Although he enrolled at the University of Toronto to study economics and political science, Mr. BELL found the lure of rock 'n' roll too strong and dropped out. He joined the local group Ritchie Knight and the Midnights and began gigging around southern Ontario.
In 1968, he was recruited to join Mr. Hawkins' band, an early version of the group Crowbar. For good measure, he brought along his friend Richard Newell, a vocalist and harmonica player who became known as King Biscuit Boy.
After that, everything happened in a rush. The following year, he appeared with Mr. Hawkins at New York's Fillmore East auditorium where they opened for Joe Cocker and Mad Dogs and Englishmen. He was spotted by Janis Joplin's manager, Albert Grossman, who sounded him out about joining the singer's new ensemble.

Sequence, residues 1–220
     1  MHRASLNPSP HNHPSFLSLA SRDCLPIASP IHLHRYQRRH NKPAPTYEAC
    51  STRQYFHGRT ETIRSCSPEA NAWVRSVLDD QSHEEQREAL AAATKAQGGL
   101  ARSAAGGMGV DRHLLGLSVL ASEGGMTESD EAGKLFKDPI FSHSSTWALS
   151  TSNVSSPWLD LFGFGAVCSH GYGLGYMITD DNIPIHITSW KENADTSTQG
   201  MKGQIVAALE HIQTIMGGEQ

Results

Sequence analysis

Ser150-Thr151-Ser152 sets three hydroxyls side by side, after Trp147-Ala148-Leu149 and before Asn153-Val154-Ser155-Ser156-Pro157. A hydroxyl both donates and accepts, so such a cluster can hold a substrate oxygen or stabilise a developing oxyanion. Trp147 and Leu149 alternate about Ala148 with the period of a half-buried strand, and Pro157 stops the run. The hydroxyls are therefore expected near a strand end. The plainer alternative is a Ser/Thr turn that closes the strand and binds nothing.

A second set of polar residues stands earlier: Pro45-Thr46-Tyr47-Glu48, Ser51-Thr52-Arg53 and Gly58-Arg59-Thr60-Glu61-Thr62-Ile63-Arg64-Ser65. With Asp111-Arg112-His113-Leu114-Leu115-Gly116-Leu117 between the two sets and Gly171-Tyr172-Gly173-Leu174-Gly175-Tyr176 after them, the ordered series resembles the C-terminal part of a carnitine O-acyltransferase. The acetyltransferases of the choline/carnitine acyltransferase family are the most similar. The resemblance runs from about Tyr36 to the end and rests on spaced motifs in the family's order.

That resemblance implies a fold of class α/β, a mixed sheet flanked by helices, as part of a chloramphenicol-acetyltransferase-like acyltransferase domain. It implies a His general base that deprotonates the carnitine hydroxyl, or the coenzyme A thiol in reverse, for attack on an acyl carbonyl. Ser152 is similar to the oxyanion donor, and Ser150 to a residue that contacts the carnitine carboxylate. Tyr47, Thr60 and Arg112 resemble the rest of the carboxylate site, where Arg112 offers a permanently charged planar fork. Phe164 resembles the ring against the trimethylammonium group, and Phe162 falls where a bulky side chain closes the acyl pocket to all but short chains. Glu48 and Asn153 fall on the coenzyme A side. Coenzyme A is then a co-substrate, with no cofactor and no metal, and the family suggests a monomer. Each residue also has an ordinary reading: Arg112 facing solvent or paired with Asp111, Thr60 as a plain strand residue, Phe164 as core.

In landing the job, Mr. BELL signed on with a group that, like the original version of The Band, included three other Canadians. They were Ken Pearson on organ, John Till on guitar and Brad Campbell, a bassist who had previously played with two groups - The Last Words and The Paupers. The lone American was drummer Clark Pierson.
In early 1970, Ms. Joplin's Full Tilt Boogie Band began rehearsing and woodshedding - improvising harmony by ear - in San Francisco. Recalls Mr. Pearson: "I was already out there when Richard arrived. He knocked at the door and said, 'Hi, I'm Richard BELL from Toronto.' I asked him what he played, and he said piano. I thought, well, there goes my job. When we went to rehearsal, Janis goes, 'Don't worry, boys, I'm having both organ and piano.' So we flipped a coin and I wound up playing organ and he got piano. We forged a bond right then and there."